The search giant has been attempting to strengthen security and data encryption standards after revelations that the U.S. National Security Agency was snooping the Internet, and possibly accessing Google's data centers. The move is important for the company as it relies heavily on user data to drive its services.
Google's security measure will secure communications of users emailing other Gmail users, as Google servers are involved at both ends, but may not extend to users with different email services. In those cases security not only depends on Google's encryption but on recipients' email service providers.
While Google's security measure will help prevent bulk email grabs, by individuals or institutions such as the NSA, targeted email interventions will still be possible.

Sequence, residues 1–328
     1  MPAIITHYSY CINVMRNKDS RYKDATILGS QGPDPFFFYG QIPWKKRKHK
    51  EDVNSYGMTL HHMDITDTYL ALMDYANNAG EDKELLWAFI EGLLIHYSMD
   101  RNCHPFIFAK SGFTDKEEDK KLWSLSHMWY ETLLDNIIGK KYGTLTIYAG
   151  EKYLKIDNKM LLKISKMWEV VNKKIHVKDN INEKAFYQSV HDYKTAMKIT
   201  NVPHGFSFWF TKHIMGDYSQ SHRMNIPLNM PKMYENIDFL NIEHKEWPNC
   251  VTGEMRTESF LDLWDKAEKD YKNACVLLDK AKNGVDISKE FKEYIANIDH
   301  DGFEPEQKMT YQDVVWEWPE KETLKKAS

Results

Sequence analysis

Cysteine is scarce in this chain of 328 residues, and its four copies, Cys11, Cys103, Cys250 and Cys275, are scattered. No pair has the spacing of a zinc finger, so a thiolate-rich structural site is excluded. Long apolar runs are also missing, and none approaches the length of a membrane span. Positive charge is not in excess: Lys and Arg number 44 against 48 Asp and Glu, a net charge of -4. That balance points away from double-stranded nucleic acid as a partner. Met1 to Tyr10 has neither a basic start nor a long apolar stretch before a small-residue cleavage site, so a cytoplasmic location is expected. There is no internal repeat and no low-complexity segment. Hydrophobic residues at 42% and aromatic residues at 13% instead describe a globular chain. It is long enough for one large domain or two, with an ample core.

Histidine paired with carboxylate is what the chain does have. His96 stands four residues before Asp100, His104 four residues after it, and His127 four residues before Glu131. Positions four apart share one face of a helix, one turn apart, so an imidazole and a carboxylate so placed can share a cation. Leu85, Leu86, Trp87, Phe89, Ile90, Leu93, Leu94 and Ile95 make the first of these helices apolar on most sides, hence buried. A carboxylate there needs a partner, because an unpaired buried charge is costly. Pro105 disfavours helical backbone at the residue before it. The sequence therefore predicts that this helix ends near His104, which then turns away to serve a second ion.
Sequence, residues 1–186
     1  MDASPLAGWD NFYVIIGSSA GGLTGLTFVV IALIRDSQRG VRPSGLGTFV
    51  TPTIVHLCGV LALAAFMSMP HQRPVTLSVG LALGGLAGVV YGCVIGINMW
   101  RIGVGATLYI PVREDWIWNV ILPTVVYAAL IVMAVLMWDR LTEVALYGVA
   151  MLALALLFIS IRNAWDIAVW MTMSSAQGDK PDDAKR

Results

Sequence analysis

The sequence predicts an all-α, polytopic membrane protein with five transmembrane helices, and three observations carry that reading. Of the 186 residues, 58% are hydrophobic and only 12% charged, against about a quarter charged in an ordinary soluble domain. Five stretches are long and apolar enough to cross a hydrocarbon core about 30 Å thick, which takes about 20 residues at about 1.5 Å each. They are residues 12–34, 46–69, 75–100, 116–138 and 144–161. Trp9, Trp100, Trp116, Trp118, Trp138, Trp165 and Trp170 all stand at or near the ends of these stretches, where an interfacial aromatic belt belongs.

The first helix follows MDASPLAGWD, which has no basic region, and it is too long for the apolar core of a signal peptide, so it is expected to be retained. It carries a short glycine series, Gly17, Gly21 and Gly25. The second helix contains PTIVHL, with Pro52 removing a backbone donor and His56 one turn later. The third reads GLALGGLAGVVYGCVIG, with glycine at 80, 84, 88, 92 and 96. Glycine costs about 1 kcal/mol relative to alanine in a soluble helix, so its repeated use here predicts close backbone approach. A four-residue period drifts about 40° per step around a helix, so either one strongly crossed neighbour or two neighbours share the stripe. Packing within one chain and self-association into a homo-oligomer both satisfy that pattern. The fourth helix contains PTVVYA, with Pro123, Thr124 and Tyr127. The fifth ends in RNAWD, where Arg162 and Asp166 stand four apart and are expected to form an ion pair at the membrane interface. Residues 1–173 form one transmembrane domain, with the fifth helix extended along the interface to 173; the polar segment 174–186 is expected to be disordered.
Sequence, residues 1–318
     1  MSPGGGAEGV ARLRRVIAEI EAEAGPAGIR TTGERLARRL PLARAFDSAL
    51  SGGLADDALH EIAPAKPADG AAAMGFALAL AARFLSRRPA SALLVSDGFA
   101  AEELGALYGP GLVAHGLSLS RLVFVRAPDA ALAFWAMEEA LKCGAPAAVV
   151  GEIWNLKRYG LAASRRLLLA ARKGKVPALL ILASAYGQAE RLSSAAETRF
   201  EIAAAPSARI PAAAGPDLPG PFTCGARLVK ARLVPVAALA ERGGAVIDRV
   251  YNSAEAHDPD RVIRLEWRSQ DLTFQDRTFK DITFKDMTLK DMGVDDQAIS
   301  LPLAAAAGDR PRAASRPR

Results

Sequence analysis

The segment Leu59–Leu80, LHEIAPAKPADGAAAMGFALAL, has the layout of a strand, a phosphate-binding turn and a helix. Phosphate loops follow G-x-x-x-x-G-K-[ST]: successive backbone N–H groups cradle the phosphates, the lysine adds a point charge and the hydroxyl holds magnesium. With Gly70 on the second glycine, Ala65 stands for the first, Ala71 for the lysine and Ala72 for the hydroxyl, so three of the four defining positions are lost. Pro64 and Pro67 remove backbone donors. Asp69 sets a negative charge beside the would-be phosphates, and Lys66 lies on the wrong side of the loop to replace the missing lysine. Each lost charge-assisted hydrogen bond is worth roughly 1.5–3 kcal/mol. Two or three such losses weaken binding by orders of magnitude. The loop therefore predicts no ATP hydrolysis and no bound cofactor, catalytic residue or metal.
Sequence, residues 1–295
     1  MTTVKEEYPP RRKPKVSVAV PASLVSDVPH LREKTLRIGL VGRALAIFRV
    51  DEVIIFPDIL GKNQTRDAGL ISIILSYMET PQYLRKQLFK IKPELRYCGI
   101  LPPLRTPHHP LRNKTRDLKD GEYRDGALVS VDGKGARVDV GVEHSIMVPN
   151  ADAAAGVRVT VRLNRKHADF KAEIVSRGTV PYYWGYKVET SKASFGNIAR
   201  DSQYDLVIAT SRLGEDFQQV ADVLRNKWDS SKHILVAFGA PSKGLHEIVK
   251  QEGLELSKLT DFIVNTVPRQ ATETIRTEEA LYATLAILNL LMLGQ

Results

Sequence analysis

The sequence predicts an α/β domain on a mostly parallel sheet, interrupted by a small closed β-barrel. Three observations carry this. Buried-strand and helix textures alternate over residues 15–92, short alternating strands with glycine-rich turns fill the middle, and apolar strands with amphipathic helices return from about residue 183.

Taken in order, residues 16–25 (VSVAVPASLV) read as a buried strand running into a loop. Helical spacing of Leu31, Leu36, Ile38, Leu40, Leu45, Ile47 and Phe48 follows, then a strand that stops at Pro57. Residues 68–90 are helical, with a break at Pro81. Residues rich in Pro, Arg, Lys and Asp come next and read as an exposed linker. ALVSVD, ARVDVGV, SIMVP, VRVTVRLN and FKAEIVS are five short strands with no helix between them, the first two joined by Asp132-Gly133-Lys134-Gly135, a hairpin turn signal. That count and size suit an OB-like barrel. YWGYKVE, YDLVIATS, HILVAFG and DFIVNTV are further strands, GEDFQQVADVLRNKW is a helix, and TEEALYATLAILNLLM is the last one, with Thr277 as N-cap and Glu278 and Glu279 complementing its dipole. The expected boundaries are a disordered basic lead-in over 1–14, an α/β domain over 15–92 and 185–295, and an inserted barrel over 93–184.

“For me, it’s tremendously disappointing that the government sort of secretly did all these things and didn’t tell us. I don’t think we can have a democracy if we’re having to protect you and our users from the government for stuff that we never had a conversation about,” he said.
Google has had HTTPS encryption since it started and has been a default feature since 2010, but the encryption wasn't applied to emails flowing through Google's servers.